Major conditions affecting the distribution of littoral gastropods
Sandison, Eyvor E.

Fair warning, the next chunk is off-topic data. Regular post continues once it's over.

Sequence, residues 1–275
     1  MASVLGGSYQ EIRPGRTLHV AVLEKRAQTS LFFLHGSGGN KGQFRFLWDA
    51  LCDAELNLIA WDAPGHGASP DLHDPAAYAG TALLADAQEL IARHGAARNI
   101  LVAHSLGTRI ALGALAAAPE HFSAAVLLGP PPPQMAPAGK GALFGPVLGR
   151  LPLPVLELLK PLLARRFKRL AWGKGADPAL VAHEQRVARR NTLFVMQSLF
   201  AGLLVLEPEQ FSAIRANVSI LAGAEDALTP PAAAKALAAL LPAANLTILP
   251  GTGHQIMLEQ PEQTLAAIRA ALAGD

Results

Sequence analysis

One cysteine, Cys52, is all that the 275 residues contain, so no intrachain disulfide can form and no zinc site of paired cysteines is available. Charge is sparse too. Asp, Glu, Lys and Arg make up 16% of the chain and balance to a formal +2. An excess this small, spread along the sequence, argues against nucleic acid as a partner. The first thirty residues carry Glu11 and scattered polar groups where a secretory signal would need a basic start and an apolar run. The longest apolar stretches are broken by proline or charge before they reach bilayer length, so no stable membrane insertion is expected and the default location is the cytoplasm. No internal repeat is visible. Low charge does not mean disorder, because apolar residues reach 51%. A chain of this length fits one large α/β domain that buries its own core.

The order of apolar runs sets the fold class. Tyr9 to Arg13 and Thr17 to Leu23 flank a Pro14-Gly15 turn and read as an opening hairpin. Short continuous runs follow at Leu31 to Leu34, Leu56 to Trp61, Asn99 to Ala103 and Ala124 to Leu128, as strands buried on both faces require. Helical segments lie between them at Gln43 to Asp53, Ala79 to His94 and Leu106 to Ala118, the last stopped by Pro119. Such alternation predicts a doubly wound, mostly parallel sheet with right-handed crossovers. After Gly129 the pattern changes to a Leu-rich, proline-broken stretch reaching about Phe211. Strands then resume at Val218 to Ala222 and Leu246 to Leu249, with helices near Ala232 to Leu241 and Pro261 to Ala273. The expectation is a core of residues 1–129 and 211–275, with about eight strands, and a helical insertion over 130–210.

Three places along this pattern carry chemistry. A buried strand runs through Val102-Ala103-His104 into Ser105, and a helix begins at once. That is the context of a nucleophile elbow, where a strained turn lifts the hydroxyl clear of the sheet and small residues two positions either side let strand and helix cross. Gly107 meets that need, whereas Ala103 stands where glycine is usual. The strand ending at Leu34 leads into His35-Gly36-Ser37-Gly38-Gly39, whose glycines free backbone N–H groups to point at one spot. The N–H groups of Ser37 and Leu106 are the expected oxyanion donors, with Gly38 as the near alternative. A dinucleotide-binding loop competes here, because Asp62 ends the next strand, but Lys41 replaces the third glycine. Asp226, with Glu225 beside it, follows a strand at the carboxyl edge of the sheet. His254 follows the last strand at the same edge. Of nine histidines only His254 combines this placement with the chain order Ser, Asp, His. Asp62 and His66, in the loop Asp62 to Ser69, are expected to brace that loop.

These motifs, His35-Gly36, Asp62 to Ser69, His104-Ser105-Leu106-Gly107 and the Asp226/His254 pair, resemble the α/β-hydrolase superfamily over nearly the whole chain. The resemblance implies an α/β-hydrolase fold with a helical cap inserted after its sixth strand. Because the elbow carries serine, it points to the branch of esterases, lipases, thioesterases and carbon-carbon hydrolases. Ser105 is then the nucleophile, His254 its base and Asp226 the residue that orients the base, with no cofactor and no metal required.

(1) The rates of oxygen consumption of Thais lnpillur. hittorina littorea, L. obtueata. h, saxatilis and possibly of neritoides in air, and when immersed in water, give a good indication of their reactions to various physical and chemical conditions which may be imposed experimentally, and which are designed to simulate conditions which these species may encounter on the shore.(2) Gastropods from higher tidal levels tend to show a progressive ability to utilise atmospheric oxygen, but the rates of respiration of each species either in air or in water display great variability. Some of these respiratory luctuatione may be attributable to the external influences of the time of day, and the effect of tidal rhythm, to which the animal reacts.(3) Factors of primary importance in determining the vertical distribution of the five species of intertidal gastropod under investigation in this thesis, are considered to be the combined effects of the temperature of asphyxiation in air, together with the ability of the animal to withstand desiccation. Above the air asphyxiating temperature an individual becomes immobilised, the operculum remains ope,±, and if desiccation cannot be prevented, the animal may die owing to the latter cause. There is a direct correlation between these two effects, and the vertical distribution of Thais and the hittorina spp. on the shore; obtusata is particularly susceptible tb desiccation, and this further confines the species to a moist, weedy habitat.(4) The effects of the teiaperature of asphyxiation in water and the temperature which is lethal to a species, are of secondary importance. An animal immersed in water will become immobilised above the temperature of asphyxiation, but it is not exposed to any other harmful factor, and when the temperature falls below this critical point the animal can resume normal activity. The lethal temperature is too high to be of practical account to an animal under anything but abnormal conditions.(5) There is some evidence that the rate of water loss is correlated with the tidal level inhabited by a species on the shore, but the behaviour of the species on being subjected to conditions of desiccation is a factor which is closely linked with water loss. On exposure to dessication, the death of an animal is thought to be caused by suffocation due to mucus drying on the respiratory surfaces, rather than by the actual loss of water in the soft tissues.(6) From its respiratory behaviour, oaxatilis indicates that it is less affected by salinity changes than are the other species. But resistance to variations in salinity is considered to be of secondary importance as a factor determining the vertical distribution of these littoral gastropods.(7) Amongst the biological factors, the reproductive period and the type of larva produced are most likely to be effective in determining the distribution of species; for example in the special distribution of L. neritoidee. The availability of food, and type of diet may have a certain influence on habitat, and in special cases, e.g. T, laplllue, on tidal level. Tropisms and shape may influence habitat, but are not considered to be effective in determining the vertical distribution of a species on the shore.